Good point.  One of the key issues in drug development now is what’s called surrogate markers, or molecules that you can monitor in a cancerous tissue to evaluate the effectiveness of a treatment.  If you try to look for surrogate markers in other tumor types, it’s relatively difficult to obtain tissues that you can monitor over time to evaluate how a pathway or gene is affected.  In head and neck cancer, it is possible.  This concept also is true when searching for new preventive modalities to intervene earlier, at the precancerous stage.  But we need to get the dental community more involved in identifying these early lesions in their patients.  Right now, there is a desperate research need for more tissue samples.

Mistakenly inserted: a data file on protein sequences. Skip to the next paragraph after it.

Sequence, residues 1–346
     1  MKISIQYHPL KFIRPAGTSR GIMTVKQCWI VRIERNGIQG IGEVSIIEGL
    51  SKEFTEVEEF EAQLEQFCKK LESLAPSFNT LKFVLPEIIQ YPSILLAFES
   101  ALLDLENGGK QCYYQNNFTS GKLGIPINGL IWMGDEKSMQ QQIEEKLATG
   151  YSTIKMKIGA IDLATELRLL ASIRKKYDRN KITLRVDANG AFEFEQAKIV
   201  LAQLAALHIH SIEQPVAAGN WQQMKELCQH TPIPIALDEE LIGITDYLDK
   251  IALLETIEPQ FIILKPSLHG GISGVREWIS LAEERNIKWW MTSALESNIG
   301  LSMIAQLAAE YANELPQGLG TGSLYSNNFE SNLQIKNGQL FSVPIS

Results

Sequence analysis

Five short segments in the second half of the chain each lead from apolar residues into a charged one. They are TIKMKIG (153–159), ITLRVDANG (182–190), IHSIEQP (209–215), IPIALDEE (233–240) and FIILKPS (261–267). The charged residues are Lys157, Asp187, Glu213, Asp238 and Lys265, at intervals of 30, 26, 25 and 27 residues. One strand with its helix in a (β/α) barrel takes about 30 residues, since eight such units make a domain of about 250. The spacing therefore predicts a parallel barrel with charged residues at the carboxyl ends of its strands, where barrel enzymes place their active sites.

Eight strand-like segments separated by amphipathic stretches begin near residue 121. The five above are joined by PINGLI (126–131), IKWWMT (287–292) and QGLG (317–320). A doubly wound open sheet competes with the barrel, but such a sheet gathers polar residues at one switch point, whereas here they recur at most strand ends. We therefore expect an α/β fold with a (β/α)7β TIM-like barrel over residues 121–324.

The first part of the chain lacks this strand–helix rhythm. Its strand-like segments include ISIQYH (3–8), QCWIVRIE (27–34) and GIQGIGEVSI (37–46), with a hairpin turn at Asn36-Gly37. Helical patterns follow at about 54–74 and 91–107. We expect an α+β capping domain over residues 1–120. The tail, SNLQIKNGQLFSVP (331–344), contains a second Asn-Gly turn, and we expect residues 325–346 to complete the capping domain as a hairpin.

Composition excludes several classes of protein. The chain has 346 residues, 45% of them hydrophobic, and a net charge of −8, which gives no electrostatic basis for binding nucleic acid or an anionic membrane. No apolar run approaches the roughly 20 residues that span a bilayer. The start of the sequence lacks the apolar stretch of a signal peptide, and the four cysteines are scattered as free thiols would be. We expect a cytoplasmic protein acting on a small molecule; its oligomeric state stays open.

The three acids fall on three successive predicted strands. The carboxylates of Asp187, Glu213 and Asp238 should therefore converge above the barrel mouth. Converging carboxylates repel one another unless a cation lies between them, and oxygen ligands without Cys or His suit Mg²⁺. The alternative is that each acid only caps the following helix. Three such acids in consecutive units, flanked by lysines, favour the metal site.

Why's that?   

Because there are very few that have been collected.  There is a real need for more dentists to team with the scientific community.  We desperately need dentists to provide tumor samples to their nearest oncology center and, in essence, help us discover new ways to benefit their patients.  Our current samples are from just a small percentage of patients, which limits the necessary breadth of the research.  

So now, with all of the new technologies and new information about head and neck cancer, it's a great time to create those teams to really fuel the research.  

Exactly.  One lab, one institution can’t do it alone.  It requires a team effort.   You can’t spend your career in your own lab, focusing on a single pathway or molecule.  It can only be done on the basis of true collaboration.  Scientists can no longer afford to be self-centered or isolated.  Indeed, it will take a concerted effort from educators and the scientific and health professional communities to prevent this disease, as well as to take full advantage of the emerging scientific opportunities to battle its ravaging consequences. 

 

 

 

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This page last updated: August 04, 2014